I was on Instagram when I noticed someone post a text saying, ‘What is your favorite fantasy series.’ Seeing that everyone posted titles like, ‘Lord of the Rings,’ or ‘The Wheel of Time,’ I went ahead and promptly commented, ‘The Mouse On The Motorcycle.’
I later saw a previous post by the same user this time asking, ‘What’s your favorite fantasy genre. Someone replied saying something along the lines of, Science Fiction because Science Fiction really makes one think about the cultures that they don’t know exists and the possibilities of the future. Again, in my excitement and animosity to want to ruin things for other people, I replied to that comment saying, I feel the same way about Robot Erotica.
There’s probably a good reason why no one takes me too seriously. It’s probably because I never take myself too seriously. But, now with 6 books written and a career as a writer staring me straight in the face telling me that this is about the time where I have to connect with people on a much more deeper level, it appears that I should make some tiny adjustments to how I treat other people online. I feel that making this adjustment will not just benefit me, but also benefit many other people who want to have a more prominent presence online. There’s a small number of people trying to add value to other people’s lives and way more people trying to entertain themselves at the expense of other people; maybe it’s not at the full expense of other people, but it would and most likely will result in a few eye rolls.
A few minutes after leaving the comments that I left, I realized that there are those who could actually assist me as a writer and that social media isn’t just a place to get a quick laugh. There are many writers out there that are struggling and there are many writers out there that have a better understanding of the self-publishing environment and have a better grasp at marketing. At some point, I’m going to need to find those people and take their advice. The least that I could offer is some sort of sincerity. The issue, really, is how do we show our sincerity when we want to interact with other people and other creators on a social media platform. There is so much more buzz and noise about the people who create memes and talk other people down with witty retorts online that there isn’t much influence out there about how to treat people in a way that could add value to a conversation. This is what I believe is the practical reason for this issue. More examples and praise of the way that we shouldn’t be versus almost no examples or praise for how we should be.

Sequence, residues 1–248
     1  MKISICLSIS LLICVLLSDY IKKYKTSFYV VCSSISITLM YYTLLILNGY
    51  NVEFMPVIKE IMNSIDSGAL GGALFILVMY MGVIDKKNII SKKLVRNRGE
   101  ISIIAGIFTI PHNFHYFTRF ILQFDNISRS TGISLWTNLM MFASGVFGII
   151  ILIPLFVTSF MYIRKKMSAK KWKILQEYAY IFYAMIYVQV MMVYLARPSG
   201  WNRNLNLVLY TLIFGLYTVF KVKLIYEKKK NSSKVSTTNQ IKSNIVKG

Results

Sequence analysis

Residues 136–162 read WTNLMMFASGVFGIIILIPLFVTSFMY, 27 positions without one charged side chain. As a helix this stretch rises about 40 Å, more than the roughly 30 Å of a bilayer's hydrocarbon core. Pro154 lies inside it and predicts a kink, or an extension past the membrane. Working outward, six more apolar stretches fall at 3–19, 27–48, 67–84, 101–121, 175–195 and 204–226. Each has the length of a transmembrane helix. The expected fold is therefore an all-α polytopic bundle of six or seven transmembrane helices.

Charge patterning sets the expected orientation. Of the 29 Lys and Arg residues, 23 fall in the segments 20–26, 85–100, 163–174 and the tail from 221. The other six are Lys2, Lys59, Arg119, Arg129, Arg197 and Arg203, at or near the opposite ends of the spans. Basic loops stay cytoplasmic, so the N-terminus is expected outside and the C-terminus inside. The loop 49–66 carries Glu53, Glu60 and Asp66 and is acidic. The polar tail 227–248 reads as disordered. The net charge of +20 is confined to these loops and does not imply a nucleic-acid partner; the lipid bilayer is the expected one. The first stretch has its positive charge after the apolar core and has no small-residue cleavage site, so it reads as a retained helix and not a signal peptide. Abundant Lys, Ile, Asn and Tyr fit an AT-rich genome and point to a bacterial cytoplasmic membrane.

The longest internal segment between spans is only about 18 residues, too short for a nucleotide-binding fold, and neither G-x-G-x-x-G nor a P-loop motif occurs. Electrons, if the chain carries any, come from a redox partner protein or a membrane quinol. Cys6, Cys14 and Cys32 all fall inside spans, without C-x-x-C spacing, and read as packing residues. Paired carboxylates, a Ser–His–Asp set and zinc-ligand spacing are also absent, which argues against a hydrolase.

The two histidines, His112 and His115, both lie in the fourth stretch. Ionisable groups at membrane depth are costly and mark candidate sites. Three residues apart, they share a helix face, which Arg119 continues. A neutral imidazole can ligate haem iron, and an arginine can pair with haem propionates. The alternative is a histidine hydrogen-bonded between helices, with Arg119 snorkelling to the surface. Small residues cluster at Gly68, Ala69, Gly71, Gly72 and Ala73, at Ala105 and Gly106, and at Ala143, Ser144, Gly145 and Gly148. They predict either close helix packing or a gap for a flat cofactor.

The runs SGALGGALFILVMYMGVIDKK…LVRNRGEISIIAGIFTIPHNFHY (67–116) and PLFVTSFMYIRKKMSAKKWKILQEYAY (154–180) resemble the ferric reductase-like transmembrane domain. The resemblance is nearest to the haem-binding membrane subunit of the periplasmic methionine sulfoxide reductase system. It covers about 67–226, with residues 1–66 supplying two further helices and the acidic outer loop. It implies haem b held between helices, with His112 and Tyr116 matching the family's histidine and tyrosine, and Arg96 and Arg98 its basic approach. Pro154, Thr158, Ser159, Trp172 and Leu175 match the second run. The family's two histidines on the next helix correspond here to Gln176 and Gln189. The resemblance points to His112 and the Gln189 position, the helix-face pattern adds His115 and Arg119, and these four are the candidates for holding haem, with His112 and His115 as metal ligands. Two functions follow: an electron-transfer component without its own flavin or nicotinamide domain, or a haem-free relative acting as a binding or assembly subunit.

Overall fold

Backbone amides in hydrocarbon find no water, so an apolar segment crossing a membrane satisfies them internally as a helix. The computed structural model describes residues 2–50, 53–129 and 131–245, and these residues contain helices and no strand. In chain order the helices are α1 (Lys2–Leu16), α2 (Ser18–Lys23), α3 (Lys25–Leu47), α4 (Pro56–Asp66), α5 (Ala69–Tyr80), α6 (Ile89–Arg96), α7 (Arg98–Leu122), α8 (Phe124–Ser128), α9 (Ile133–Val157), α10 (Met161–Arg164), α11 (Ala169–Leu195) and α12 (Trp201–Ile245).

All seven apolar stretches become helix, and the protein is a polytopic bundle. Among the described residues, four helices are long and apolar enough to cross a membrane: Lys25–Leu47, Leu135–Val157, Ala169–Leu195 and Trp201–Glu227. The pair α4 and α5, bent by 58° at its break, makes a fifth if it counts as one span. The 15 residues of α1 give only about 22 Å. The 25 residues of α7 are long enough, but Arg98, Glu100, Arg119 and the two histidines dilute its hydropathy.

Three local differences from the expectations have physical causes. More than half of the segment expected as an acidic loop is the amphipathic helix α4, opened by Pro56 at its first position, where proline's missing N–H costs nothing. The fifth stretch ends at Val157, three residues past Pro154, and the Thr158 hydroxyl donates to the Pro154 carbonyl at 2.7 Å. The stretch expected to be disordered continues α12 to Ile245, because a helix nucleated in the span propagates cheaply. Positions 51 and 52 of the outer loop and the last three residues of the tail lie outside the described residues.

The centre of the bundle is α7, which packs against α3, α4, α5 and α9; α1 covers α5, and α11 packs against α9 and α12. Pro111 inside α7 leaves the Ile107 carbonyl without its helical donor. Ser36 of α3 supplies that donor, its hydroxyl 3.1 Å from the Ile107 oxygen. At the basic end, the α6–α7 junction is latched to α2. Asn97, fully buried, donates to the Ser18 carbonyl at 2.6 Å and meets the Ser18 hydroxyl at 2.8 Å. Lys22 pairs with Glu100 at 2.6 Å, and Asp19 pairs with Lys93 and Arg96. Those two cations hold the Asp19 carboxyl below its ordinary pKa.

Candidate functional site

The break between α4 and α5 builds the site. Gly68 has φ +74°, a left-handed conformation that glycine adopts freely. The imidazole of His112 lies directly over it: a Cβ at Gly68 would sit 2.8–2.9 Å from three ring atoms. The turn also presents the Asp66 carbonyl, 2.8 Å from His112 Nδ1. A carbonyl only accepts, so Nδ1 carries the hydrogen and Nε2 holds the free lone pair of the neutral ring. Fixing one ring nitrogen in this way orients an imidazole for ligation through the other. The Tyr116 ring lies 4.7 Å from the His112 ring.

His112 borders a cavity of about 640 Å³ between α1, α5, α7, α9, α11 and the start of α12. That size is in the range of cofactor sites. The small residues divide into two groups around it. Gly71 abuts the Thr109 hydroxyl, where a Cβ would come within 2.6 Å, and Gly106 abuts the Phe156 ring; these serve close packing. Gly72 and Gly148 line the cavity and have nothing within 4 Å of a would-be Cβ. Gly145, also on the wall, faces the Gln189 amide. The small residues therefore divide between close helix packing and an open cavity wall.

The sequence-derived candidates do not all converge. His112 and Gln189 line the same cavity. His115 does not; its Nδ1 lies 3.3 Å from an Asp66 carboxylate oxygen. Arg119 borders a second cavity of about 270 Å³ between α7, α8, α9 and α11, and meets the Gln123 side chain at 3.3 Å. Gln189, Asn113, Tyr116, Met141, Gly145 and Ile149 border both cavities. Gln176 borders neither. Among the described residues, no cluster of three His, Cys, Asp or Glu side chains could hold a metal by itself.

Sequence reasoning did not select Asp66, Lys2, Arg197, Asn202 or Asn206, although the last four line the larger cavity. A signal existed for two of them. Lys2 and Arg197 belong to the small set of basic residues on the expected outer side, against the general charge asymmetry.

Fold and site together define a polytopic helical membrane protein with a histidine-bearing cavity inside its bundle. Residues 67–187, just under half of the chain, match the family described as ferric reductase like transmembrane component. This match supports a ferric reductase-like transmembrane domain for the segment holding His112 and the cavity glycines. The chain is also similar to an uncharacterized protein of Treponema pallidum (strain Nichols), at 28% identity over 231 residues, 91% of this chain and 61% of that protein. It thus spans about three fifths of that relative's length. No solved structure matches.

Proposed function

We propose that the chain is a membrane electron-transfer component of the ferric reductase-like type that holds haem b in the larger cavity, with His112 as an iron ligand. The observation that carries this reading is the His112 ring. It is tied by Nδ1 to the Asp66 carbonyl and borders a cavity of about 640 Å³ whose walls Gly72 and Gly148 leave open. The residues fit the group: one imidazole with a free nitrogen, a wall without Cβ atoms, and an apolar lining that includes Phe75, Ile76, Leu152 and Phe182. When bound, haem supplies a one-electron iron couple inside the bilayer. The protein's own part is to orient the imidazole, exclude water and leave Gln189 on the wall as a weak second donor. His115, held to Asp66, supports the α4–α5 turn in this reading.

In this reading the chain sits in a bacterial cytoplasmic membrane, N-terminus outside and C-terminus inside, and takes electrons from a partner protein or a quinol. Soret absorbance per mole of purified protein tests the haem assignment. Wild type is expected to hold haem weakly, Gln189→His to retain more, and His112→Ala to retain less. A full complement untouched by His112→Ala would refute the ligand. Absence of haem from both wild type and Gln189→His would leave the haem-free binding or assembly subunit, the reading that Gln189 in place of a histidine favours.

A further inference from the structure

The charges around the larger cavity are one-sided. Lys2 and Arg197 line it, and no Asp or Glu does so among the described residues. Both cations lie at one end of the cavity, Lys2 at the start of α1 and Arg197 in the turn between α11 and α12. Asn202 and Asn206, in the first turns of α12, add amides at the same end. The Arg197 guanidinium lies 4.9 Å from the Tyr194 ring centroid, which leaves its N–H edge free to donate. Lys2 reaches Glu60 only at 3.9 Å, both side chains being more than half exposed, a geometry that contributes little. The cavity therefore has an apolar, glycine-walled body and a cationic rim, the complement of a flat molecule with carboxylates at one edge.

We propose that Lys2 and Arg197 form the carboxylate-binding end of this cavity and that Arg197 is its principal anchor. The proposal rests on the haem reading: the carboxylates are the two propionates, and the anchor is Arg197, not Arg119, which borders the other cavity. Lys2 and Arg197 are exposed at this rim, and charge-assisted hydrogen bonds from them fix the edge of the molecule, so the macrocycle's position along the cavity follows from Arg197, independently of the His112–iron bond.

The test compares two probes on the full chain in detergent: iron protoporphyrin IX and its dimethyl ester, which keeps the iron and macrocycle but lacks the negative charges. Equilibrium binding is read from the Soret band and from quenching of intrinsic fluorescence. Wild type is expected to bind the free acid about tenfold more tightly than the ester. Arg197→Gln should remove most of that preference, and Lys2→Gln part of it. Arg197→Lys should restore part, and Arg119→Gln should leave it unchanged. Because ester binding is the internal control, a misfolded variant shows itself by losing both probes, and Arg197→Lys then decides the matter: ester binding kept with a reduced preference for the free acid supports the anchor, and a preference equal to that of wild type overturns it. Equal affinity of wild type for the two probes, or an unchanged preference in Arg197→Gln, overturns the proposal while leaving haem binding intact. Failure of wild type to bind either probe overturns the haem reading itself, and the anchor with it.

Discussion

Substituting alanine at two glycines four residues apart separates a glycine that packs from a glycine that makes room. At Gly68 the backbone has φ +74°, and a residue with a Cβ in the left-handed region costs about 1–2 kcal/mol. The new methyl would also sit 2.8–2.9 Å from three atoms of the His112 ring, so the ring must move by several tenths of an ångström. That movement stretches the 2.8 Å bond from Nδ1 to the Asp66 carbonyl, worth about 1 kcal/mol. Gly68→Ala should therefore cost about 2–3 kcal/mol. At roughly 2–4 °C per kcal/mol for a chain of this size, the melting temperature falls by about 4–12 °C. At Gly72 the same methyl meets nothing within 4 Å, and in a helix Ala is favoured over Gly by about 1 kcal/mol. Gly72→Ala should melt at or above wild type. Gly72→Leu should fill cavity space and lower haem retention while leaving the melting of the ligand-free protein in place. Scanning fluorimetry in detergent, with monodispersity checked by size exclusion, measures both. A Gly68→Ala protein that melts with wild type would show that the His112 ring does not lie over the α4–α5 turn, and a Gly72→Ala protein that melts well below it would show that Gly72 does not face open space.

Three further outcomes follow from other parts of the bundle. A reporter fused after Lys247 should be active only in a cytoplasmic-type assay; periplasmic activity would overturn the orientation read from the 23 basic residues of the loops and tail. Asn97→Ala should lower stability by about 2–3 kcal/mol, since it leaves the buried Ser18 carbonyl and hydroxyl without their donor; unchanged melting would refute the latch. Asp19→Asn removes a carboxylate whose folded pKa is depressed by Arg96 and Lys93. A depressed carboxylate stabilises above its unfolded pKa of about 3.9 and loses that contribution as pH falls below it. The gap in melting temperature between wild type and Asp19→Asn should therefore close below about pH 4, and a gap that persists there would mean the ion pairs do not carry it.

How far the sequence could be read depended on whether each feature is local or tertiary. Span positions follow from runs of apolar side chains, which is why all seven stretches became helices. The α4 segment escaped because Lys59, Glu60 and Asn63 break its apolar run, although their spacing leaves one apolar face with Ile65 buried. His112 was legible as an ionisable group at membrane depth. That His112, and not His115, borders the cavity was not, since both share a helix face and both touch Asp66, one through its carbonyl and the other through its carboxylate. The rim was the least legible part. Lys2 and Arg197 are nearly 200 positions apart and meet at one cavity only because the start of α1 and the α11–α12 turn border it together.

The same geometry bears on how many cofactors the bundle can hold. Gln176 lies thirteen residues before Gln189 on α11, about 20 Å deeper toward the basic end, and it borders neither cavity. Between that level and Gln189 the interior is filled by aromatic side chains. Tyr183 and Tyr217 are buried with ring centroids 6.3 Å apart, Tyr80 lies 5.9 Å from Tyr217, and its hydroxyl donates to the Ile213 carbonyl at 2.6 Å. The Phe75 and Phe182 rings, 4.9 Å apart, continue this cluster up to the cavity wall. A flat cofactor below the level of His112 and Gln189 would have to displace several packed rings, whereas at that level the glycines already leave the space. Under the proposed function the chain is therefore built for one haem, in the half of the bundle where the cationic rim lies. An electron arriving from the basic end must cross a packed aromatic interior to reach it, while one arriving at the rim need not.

Like most, including myself, the numbers have come first. I had done things and acted out in ways to bolster up my numbers. This means that any time I like or comment, I’m doing so to be seen, hoping to be acknowledged. I assume and can very well deduce that many people who are trying to garner attention are acting in the same way, motivated by the same laurels. It’s something of a problem.
I had just started interacting on Instagram and, after my failed attempt at forcefully getting followers, I see the use of Instagram and other social media platforms to be an opportunity to practice sincerity. I noticed a lot of authors I want to follow posting about great moments in their life. They’re posting photos of their families, being awarded, and meeting people in conventions. It appears that with these moments, people should see the opportunity to truly and genuinely be happy for people. These are the opportunities to show support, genuine heartfelt support. When one shows their support, they like and comment hoping that there will be others that will notice their public interactions. That shouldn’t be the case. It should be the case that people show their support, even online, in an altruistic way. Even if one does not believe in altruism, showing one’s support with nothing in return should still be the goal.
The further I move deeper into marketing, the less I’m interested in sales, numbers, and gaining impressions. I’m finding this time more conducive to finally being able to connect with others on a much more deeper level.
I had recently read an article by Belinda Pollard on how she uses Instagram and how she doesn’t mind having a small following and doesn’t follow many people. In the article, Pollard talks about how she uses Instagram and what opportunities it offers to her. I recommend giving it a read. It may better shape people’s perspective on how to use Instagram and help them rethink the prospect of using Instagram to achieve fame.
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